Last week I headed south with my husband and parents to explore several cities including some museum visits. We planned five museums but only got to visit four since the last and final one was closed when we arrived despite listings stating otherwise. One of the museums we visited was the Mobile Museum of Art where Fairy Tale Art: Illustrations from Children's Books was on display. It's still on display this week according to the break down schedule although it officially closed yesterday. The exhibit's continuing schedule is as follows:
Here's a description from the exhibition company:
Fairy Tales offer a magic carpet ride, to a timeless, enchanted, dreamlike world. The origins and history of fairy tales reaches back to ancient times. These magical stories were told and retold by storytellers in civilizations of China, Egypt and India. Women recounted the stories from generation to generation. Often the heroine was given magical powers and miraculous rescues. For years the stories were told to adults to uplift them from the world of drudgery by sharing a glimpse of another land. Before these spoken tales became recorded narratives, the details of the stories were modified in the retelling over centuries. The fairy tales and folk tales featured in the exhibit celebrate stories handed down through the ages that echo the wisdom of past cultures and honor the symbolic and metaphoric language of the stories. Traditional stories such as: The Firebird, Cinderella, Sleeping Beauty and Little Red Riding Hood will be included. Along with modern versions such as Cinderella's Dress, Child of the Faerie: Child of the Earth and the Hungry Coat. Prize winning contemporary artists whose art is featured include: Kinuko Y. Craft, Trina Schart Hyman, Barry Moser, Demi, Susan Paradis, Marilee Heyer, Jane Dyer and Jim LaMarche.The exhibit is small, 59 pieces is not as large as it may sound. But I am very happy I saw it. One of the museum employees told me it has been very successful and a big draw for school groups which of course made me happy. I also want to praise the museum itself which was lovely and one of our favorites of the trip. The artwork is displayed beautifully in it and the curators onsite with the permanent collections are talented and think a little outside the box for the normal museum, especially a smaller one, with some excellent lighting and display choices. We were all very impressed. It was also the cleanest museum I have ever visited. Not that museums are dirty but there can be a tinge of grunge to many and this one positively sparkled on a rainy day.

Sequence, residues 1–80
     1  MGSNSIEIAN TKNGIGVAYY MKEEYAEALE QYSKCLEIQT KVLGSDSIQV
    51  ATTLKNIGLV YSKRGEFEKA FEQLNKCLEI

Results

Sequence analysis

Curated by Sylvia Nissley
Contents: Fifty-nine original illustrations and educational materials
Anyway, I wanted to highlight each of the eight illustrators in the exhibit for those who may not have a chance to visit it at one of its upcoming locations. The beauty of the work is that beautiful reproductions are just a library or bookstore away. (Or if you are me, you can turn around and pull several of them off your shelves.) Still, I relished seeing the details of the execution that don't always translate into the books. So for the next eight days I will feature each of the illustrators and their work.